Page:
Eight Things to Know About Buying Antique Paintings Online

antique_art_online

An antique watercolor of Venice available at European Art Underground

As the owner of European Art Underground, New Orleans Art Exchange and Guy Lyman Fine Art before that, I am sometimes asked about the ins and outs of buying antique paintings online. Is it risky? Is it better to buy from a gallery? Where are the best places to look? Those sorts of questions.

Here are some general guidelines.

Is the “good stuff” available online?

Most of the finest art in the world is available online. I don’t mean that you can enter your credit card and buy a Degas. But you CAN find the Degas in the inventory of the gallery that owns it. If you’re interested, you have to begin speaking with the gallery staff in person. Most galleries do not have e-commerce enabled (where you can check out as on Amazon) for various reasons, including rampant fraud for high-value items. But most make it very easy to order the art once you’re in touch with them.

Is it easy to get ripped off buying art online?

Absolutely. Little known to collectors is the fact that few antique paintings have provenance (histories) all the way back to the painter and original owner, with supporting paperwork. Even for dealers, it is sometimes hard to establish authenticity. Much depends on the reputation of the dealer. I see laughable fakes on eBay all the time. Others are hard to identify, because, for example, the forger has found a pretty good antique painting and added the signature of a painter whose style it resembles. Yes, there are ways to find this out, but you probably can’t do it yourself.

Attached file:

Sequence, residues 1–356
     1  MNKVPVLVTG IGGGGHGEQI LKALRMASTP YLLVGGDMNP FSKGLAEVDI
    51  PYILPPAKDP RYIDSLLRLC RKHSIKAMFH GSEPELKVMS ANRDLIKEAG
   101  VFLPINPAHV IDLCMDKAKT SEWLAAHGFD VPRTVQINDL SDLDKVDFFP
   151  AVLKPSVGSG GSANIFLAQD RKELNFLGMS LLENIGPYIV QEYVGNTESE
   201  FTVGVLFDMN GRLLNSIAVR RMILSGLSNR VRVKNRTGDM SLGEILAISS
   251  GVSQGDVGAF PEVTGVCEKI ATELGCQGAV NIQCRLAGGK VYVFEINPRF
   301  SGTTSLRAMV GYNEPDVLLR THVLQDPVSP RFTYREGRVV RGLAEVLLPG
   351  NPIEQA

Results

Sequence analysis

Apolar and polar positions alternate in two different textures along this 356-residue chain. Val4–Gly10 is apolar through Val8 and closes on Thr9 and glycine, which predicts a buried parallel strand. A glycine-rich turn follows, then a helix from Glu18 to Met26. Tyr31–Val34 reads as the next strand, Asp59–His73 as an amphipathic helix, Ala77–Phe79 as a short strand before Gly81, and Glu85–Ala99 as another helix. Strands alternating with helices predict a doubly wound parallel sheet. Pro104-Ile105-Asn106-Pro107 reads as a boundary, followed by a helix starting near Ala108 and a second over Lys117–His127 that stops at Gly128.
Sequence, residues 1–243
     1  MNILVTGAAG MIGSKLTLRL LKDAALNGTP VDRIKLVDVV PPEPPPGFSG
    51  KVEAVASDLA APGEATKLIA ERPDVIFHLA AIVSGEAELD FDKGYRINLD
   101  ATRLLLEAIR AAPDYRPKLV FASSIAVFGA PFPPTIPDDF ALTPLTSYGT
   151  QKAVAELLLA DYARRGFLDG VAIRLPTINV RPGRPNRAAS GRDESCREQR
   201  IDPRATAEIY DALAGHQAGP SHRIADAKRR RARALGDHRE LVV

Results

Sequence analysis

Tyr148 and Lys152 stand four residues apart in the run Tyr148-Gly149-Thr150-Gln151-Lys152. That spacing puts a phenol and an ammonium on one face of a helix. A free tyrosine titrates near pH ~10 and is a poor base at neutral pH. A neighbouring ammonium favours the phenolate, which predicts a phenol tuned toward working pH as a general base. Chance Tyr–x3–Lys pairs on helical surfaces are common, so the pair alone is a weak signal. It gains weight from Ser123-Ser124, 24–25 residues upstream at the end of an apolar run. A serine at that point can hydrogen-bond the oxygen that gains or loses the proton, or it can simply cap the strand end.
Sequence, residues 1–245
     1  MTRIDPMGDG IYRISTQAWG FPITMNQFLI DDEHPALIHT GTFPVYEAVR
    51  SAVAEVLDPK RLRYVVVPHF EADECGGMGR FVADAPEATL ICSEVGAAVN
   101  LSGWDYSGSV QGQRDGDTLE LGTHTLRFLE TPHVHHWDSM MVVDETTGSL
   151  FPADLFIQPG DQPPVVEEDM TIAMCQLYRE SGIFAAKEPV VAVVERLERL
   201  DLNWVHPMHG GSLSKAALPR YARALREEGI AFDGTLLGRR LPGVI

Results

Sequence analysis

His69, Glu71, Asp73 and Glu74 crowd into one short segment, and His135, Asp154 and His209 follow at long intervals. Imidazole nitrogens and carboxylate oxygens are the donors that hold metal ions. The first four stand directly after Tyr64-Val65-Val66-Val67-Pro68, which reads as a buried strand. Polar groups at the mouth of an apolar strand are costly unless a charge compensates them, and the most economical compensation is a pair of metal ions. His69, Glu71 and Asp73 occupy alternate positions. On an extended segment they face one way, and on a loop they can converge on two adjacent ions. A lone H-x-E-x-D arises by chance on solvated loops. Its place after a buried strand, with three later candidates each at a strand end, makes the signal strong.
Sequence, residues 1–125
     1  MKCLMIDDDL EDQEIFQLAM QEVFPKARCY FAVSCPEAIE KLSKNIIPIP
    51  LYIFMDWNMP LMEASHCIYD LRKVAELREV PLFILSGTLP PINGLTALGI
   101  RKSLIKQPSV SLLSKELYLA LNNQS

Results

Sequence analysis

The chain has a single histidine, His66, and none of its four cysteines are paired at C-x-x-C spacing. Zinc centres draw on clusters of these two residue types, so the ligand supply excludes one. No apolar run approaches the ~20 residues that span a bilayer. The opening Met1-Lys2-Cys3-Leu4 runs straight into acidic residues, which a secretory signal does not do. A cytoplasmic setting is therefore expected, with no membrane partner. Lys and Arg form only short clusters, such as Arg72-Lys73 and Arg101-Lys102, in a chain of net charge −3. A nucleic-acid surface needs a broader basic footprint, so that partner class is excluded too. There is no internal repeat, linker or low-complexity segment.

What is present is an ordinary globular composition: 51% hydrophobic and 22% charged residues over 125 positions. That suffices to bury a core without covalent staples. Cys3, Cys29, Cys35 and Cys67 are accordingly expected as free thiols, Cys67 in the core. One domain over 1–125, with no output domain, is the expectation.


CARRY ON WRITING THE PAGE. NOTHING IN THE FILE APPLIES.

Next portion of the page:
Where can antique paintings be found online?

Yes, you can actually find nice antique paintings on eBay. But it’s “buyer beware.” I’d never send an amateur collector to eBay to buy antique paintings. As mentioned above, most galleries showing antique art now have an online presence, so you can peruse their inventory. If you are interested, usually you will contact them with your questions or request to purchase. Most won’t have an online checkout process. Then there are the online art consolidators like Saatchi, Etsy, 1stDibs and others, with tens of thousands of paintings from galleries all over the world listed. The trouble here is that these services take commissions of up to 20% or more, so dealers have to jack up their prices on these sites in order to cover their costs.

Can you return the art if you don’t like it?

Great question. Often, you can’t. And this goes for galleries that sell directly to you on the street as well. It’s not like Walmart. For my own part, I would never buy from a dealer who does not have a clear return policy. European Art Underground and New Orleans Art Exchange feature a 125% buy-back policy, which is extremely rare in the industry. I don’t argue or complain, I happily take the art back. After all, I believed in it enough to buy it in the first place; most of my inventory is not consignment but owned outright by me.

Please feel free to send me any questions from the website: europeanartunderground.com.

 

 

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